Janice Vranka, PhD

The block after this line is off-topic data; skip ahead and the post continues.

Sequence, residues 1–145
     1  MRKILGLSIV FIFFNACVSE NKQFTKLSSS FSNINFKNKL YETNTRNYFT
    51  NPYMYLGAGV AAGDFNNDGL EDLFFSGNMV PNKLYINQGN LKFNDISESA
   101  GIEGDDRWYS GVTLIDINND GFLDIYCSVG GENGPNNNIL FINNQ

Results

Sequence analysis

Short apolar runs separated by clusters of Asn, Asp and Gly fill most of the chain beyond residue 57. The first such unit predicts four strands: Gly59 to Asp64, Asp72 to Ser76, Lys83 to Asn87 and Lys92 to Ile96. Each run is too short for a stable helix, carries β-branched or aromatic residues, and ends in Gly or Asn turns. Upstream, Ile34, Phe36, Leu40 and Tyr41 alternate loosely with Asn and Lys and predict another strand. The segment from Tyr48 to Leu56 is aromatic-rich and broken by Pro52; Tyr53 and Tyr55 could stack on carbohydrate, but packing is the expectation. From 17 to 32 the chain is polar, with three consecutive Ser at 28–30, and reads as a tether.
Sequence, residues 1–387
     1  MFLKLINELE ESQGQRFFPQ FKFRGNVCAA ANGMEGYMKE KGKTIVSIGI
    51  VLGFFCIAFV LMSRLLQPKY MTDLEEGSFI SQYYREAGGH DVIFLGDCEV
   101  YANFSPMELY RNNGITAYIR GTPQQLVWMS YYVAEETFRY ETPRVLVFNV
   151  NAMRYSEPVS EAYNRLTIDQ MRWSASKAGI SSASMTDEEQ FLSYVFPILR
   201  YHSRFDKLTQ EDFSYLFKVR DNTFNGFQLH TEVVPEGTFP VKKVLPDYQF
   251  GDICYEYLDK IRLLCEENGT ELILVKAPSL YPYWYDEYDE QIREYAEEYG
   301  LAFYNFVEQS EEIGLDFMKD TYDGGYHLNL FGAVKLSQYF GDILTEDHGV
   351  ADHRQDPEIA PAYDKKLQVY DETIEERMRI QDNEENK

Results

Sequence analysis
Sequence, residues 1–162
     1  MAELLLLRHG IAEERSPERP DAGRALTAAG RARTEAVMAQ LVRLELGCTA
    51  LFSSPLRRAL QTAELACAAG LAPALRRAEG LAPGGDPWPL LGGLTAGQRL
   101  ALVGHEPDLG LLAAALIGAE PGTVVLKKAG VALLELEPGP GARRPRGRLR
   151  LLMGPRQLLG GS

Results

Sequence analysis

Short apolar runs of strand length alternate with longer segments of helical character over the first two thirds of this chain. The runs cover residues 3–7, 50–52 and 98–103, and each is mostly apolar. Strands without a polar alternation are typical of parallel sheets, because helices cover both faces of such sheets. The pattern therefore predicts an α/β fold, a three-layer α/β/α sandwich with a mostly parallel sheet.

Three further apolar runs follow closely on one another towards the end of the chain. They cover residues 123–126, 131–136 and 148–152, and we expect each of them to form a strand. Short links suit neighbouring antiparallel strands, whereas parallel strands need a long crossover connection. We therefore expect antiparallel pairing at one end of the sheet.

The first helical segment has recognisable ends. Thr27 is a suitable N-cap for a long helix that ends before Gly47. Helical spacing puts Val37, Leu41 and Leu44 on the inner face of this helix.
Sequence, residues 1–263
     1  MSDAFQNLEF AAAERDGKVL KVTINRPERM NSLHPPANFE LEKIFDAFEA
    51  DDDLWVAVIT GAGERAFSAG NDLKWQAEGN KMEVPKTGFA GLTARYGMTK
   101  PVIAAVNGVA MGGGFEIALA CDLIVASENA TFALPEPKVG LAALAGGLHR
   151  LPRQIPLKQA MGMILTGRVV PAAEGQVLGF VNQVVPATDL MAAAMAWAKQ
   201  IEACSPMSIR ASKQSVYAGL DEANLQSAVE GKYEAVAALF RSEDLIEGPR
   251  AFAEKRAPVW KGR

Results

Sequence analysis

As a graduate student in the Biochemistry and Molecular Biology Department at Oregon Health & Science University (OHSU), Janice Vranka gained experience in the Acott lab and was involved in projects focusing on characterizing the enzymatic activity of matrix metalloproteinases and tissue inhibitors of metalloproteinases in the retina and trabecular meshwork. She then joined the Bächinger lab at the Shriners Hospital in Portland as a postdoctoral fellow and worked for many years on the biophysical characterization of extracellular matrix molecules and their involvement in human diseases affecting the skeleton. While there, Dr. Vranka participated in a number projects that led to publications and gained considerable experience in a wide range of lab techniques. In 2009, she was recruited to OHSU as a research assistant professor of ophthalmology on a two-year National Institutes of Health American Recovery & Reinvestment Act Supplement and since then has had multiple years of experience investigating the cell biology of the trabecular meshwork (TM) and using advanced imaging techniques to investigate nanoparticle segmental flow patterns and molecular differences of high and low outflow regions in the (TM). This work led to her current interest in uncovering the linkage between the putative primary outflow resistance molecule, versican, and the fibrillar structural components of the outflow pathway, and their potential role in the development of glaucoma. Dr. Vranka’s long-term goal is to become a completely independent investigator pursuing her primary interests in basic and translational vision research, ultimately to improve the outcomes for glaucoma patients.